The Bipartisan Commission on Biodefense applauded the Biden Administration for its comprehensive National Biodefense Strategy and Implementation Plan (NBS) and urged Congress to work in partnership with the Administration to put into effect the measures necessary to defend the Nation. The NBS is designed to be a comprehensive approach to protecting our Nation in the future from pandemics and other biological threats, including bioterror attacks perpetrated by nation-states, terrorist groups, or lone wolf attackers. Commission Co-Chair and former Senator Joe Lieberman says the new strategy is a much-improved version of the original strategy issued in 2018 and expressed his hope that interagency support in developing it will provide greater opportunities for successful implementation.
“This much-anticipated national biodefense strategy is a critical step forward in providing biological security to the American people. It aligns the roles and responsibilities of our federal government in biodefense from prevention to recovery, and also sets an ambitious agenda for deploying technologies that can eliminate the threat of pandemics within 10 years,” said Sen. Lieberman. “This can and must be done so that our nation does not have to relive the nightmares of COVID-19 and other biological events in both lives lost and economic suffering.
“We also are encouraged that, learning from the public trust challenges of COVID, the new strategy lays out specific goals related to public communication which will be critical in helping all Americans become better educated on these problems and how they themselves can become part of the solution.”
Senator Lieberman expressed his appreciation to the Biden Administration for including in the National Biodefense Strategy and Implementation Plan 25 of the 33 recommendations made by the Commission in its 2015 report, A National Blueprint for Biodefense: Leadership and Major Reform Needed to Optimize Efforts. The Blueprint identified capability gaps and recommended changes to U.S. policy and law to strengthen national biodefense while optimizing resource investments. The new strategy also draws from many of the recommendations made in other Commission reports, including the Apollo Program for Biodefense and subsequent Athena Agenda report.
“While many of our recommendations are aligned with the new strategy, in some cases, only components of those recommendations are addressed which is somewhat concerning,” said Commission Co-Chair and first U.S. Secretary of Homeland Security Tom Ridge. “There is a lack of specificity when it comes to what or how technologies will be implemented. We are confident these omissions can be addressed and it does not take away from the important work that has been done on the overall strategy. We look forward to working with the Administration and Congress as they execute this new strategy in the months ahead. When we see the devastation caused by biological incidents there are few priorities more important for our nation today.”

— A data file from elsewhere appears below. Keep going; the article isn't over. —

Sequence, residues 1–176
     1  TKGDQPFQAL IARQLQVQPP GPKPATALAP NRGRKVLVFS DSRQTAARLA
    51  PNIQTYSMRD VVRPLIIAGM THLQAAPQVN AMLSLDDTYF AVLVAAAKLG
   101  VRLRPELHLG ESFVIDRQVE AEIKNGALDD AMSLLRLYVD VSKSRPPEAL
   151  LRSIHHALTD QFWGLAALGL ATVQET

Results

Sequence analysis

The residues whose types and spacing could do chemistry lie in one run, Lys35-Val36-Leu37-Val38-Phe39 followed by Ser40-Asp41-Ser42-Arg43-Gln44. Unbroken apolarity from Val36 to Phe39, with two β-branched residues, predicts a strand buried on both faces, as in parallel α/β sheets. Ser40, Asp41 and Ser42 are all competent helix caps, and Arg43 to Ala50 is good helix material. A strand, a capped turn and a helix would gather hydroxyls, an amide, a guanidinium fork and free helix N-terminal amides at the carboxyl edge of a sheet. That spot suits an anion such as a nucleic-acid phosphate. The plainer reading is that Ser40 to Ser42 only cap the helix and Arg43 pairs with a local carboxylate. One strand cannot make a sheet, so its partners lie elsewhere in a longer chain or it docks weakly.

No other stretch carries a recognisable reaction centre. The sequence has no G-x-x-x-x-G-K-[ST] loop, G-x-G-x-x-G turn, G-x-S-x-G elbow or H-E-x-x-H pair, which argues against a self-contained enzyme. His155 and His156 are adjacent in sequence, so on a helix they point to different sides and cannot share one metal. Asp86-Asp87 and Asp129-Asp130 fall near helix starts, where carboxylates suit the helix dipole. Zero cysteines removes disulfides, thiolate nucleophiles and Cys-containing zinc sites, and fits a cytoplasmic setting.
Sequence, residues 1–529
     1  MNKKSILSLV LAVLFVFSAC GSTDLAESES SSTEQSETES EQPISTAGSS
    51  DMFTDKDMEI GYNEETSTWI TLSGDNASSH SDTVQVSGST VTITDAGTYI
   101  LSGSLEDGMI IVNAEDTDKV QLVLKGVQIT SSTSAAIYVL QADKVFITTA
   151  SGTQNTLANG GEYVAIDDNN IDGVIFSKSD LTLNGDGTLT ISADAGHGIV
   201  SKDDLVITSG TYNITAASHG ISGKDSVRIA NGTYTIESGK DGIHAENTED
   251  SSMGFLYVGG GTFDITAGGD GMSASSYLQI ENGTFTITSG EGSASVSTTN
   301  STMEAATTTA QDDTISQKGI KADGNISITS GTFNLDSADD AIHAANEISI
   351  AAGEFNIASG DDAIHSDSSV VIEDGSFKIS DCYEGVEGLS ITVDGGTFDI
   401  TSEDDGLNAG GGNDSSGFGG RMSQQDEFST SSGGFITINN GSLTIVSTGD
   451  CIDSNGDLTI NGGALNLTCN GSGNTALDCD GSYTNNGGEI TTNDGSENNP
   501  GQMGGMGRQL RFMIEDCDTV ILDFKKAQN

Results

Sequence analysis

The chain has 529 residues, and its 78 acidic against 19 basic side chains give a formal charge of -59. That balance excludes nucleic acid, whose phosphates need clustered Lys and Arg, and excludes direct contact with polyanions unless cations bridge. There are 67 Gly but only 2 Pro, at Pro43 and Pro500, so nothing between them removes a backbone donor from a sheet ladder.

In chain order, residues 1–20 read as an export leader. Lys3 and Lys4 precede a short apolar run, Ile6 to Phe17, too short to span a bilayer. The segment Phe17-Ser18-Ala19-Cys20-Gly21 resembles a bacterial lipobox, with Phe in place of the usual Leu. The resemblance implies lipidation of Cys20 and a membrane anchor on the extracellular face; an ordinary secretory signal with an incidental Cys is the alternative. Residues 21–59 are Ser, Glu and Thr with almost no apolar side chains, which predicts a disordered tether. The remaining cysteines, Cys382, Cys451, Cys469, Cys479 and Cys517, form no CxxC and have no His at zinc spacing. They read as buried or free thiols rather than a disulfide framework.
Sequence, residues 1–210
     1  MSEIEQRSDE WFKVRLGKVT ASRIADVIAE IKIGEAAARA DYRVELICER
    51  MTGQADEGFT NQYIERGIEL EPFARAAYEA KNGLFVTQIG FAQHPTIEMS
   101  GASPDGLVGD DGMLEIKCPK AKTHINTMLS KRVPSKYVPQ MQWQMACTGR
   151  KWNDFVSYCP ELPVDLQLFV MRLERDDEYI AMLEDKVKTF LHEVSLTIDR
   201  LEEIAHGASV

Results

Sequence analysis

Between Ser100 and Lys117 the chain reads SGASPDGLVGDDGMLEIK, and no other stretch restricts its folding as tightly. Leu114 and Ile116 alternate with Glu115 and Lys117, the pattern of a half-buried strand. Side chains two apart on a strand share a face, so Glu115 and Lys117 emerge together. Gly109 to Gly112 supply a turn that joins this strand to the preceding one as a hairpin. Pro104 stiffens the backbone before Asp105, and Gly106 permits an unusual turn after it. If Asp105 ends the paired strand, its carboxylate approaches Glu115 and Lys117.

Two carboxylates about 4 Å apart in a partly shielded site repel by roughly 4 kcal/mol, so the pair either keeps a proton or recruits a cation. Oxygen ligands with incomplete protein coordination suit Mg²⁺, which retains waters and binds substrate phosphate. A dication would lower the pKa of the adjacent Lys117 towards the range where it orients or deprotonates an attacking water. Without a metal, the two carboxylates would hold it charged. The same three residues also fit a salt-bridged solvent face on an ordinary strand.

The Bipartisan Commission on Biodefense was established in 2014 to conduct a comprehensive assessment of the state of U.S. biodefense efforts, and to issue recommendations to foster change. The Commission’s 2015 report, A National Blueprint for Biodefense: Leadership and Major Reform Needed to Optimize Efforts, identified capability gaps and recommended changes to U.S. policy and law to strengthen national biodefense while optimizing resource investments. In its 2021 report, Biodefense in Crisis: Immediate Action Needed to Address National Vulnerabilities, the Commission described the extent to which the federal government had implemented the Commission’s recommendations. Other Commission publications have addressed critical needs for agrodefense; land grant universities; biodefense budgeting; diagnostics; an Apollo Program for Biodefense; an Athena Agenda for implementing the Apollo Program; national biodetection; biodefense of critical infrastructure; and State, Local, Tribal and Territorial response capabilities. In September 2018, the White House released the National Biodefense Strategy, a top recommendation from the Blueprint and in September 2021 released the American Pandemic Preparedness plan, based on the Apollo Program report. The Commission continues to address biodefense challenges and to urge reform. Former Senator Joe Lieberman and former Governor Tom Ridge co-chair the Commission. Hudson Institute is the Commission’s fiscal sponsor.